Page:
What Thomas Cook’s collapse means for travellers in Australia
Important:Travel insurance rules continue to change as a result of the coronavirus pandemic. We’re working hard to keep up and make sure our guides are up to date, however some information may not be accurate during the pandemic. It’s even more important to double-check all details that matter to you before taking out cover. Please know that some policies may not be available through Finder at this time. Here are some helpful tips:
- If you're buying a policy today, it's unlikely that you'll be covered for any coronavirus-related claims
- If your travel plans go against government advice, your policy will most likely be voided and you won't be covered
Here’s what you need to know about the giant travel group's sudden demise.
The collapse of UK travel group Thomas Cook has stranded more than 500,000 tourists overseas. Despite being a household name and existing for more than 175 years, the hugely popular travel agency went into liquidation on 23 September, with the last flights touching down shortly before 9am BST yesterday.
Most of these tourists are from the UK and Germany, though some Australians and visitors to Australia may also be affected. Around 50,000 tourists are stuck in Greece, 21,000 in Turkey, 15,000 in Cyprus and 4,500 in Tunisia. Holidaymakers are also stranded in countries in Central America, the Caribbean and North Africa. Governments across Europe, Africa and the Americas are doing what they can to help with the repatriation of holidaymakers.
How does travel insurance cover Thomas Cook customers in Australia?
If you're holidaying in Australia with Thomas Cook, the Civil Aviation Authority (CAA) should arrange return flights if you're overseas and your travel plans are ATOL-protected. For those unfamiliar with the term, ATOL (Air Travel Organiser's Licence) is a UK financial protection scheme that repatriates people on package holidays if their travel company goes into liquidation.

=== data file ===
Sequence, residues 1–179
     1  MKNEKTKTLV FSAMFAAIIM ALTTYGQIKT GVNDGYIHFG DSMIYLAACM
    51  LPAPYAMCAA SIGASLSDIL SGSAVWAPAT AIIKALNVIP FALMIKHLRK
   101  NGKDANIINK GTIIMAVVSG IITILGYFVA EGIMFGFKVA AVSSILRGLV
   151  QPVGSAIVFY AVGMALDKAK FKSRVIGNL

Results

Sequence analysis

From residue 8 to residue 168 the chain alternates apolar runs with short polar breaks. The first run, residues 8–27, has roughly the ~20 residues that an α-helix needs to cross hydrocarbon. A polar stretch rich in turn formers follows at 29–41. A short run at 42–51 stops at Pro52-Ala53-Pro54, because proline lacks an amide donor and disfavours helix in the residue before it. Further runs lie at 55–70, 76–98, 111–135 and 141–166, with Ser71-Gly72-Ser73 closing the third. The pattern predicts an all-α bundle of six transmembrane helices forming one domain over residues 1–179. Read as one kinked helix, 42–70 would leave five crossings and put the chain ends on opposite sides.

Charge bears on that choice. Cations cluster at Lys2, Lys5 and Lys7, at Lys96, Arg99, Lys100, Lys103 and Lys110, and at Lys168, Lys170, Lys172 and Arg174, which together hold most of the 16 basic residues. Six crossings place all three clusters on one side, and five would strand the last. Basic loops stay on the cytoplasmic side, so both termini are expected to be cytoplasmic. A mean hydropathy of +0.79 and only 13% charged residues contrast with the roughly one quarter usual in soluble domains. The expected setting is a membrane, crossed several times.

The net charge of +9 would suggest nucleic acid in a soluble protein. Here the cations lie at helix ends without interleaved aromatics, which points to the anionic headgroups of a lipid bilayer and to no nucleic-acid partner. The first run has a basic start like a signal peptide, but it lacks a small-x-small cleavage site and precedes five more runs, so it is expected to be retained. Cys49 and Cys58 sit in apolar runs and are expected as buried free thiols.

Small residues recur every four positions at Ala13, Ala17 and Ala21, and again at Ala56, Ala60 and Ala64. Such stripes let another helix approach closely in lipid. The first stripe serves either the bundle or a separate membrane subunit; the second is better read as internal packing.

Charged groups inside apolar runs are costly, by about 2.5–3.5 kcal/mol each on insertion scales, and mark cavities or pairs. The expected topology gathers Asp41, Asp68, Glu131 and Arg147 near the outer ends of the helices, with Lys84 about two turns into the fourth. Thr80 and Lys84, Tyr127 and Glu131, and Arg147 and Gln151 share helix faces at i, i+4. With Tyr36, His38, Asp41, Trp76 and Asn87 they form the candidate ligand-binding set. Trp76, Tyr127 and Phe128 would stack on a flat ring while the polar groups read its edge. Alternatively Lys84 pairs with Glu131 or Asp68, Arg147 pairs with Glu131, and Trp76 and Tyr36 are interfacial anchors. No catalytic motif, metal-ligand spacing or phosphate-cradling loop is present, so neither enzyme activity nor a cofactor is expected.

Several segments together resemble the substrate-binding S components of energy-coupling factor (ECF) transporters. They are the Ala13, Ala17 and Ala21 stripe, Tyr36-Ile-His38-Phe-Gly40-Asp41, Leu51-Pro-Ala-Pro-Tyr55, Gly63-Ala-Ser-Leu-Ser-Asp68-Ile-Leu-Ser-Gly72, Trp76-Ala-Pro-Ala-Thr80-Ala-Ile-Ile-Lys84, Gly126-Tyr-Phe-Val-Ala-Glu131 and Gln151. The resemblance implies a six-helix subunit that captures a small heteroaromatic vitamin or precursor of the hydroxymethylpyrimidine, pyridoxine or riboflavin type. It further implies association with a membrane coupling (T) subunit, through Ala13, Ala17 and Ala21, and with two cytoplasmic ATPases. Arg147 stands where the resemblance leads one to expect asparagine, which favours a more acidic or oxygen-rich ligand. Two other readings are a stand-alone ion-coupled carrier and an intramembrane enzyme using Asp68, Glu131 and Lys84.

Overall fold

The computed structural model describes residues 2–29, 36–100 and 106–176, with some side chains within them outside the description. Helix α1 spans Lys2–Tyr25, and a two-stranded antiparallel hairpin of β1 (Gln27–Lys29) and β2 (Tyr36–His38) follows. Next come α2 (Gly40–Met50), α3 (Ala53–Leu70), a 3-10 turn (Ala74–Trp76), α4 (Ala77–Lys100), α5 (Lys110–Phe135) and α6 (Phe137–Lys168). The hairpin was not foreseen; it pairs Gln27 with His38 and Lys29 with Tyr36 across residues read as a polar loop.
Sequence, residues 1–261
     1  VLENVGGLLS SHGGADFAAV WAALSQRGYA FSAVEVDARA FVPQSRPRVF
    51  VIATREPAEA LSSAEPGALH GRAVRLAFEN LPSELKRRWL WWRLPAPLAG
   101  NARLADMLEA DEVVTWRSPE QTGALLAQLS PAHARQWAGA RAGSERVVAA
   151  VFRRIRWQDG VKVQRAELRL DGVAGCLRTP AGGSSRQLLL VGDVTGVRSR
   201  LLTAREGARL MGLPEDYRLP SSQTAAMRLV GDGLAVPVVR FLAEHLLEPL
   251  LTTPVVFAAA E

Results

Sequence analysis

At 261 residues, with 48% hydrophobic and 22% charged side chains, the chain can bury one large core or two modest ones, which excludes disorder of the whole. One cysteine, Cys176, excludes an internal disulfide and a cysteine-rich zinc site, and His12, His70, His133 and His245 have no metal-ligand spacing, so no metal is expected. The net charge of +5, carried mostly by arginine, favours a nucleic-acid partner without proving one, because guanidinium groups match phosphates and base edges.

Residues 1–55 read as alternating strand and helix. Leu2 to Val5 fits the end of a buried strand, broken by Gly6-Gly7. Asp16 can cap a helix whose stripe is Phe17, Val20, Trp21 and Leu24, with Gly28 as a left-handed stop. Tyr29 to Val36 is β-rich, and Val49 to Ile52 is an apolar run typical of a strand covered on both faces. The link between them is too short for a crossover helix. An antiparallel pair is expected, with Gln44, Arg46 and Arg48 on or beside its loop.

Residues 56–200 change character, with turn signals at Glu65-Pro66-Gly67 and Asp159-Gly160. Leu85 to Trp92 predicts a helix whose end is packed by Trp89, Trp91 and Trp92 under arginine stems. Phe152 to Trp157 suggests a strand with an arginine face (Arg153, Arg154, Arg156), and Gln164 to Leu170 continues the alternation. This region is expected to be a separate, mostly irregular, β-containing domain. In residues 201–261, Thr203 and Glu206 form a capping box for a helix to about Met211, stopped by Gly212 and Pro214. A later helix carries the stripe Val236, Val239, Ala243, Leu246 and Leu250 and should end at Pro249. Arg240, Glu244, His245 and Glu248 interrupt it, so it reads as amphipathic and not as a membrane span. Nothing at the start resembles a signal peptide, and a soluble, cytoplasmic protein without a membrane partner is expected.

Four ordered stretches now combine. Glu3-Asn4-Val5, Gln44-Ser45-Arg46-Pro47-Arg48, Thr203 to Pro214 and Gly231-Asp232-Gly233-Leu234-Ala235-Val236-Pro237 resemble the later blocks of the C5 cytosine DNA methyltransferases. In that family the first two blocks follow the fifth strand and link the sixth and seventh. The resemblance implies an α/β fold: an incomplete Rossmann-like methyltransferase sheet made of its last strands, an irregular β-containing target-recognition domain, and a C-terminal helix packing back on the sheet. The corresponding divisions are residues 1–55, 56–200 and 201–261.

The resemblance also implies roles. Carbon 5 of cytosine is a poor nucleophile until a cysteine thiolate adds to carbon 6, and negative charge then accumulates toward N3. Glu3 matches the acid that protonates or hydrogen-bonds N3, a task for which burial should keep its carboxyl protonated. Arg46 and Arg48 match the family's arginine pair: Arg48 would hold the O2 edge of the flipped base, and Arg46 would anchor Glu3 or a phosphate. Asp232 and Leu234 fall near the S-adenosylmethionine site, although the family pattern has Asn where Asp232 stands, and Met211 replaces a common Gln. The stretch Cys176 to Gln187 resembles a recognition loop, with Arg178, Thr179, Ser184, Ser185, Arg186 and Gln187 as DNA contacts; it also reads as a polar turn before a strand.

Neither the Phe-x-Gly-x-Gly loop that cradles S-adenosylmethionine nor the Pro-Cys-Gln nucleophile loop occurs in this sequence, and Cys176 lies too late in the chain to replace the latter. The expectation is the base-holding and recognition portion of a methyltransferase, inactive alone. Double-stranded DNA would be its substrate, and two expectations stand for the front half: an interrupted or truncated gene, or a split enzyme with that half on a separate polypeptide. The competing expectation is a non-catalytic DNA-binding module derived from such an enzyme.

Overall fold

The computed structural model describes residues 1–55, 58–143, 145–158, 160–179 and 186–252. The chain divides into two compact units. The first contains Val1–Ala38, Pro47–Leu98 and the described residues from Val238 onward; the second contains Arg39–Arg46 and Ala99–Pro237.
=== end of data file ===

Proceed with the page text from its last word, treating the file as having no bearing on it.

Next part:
However, ATOL protection only covers packages and doesn’t cover flight-only deals. This means that if your Thomas Cook holiday included hotels or flights-only, you won’t be entitled to a refund.
How to safeguard your holiday
If you’re worried you won’t be covered if your travel group goes bust, there are a few things you can do. Unlike in the UK, travel agencies are not required to participate in the Travel Compensation Fund (TCF), Australia’s equivalent to ATOL protection, which means you won’t be protected if the travel company you book with goes into liquidation.
Fortunately, you can get travel provider insolvency with some travel insurers. Policies can cover you for financial default if:
- You need to rearrange your trip
- Your have to cancel your trip because you can’t rearrange it
- You're forced to return home and have incurred unavoidable additional expenses
Credit card chargebacks
This is another way you may be able to get your money back if your travel agent goes under. You should be entitled to money back for merchandise not received, in this case because you did not get to go on or complete your trip. This is thanks to consumer protection rules you get with Visa, Mastercard and American Express credit cards.
Keep in mind that there are time limits when it comes to credit card chargebacks, so be sure to let your credit card provider know as soon as possible.
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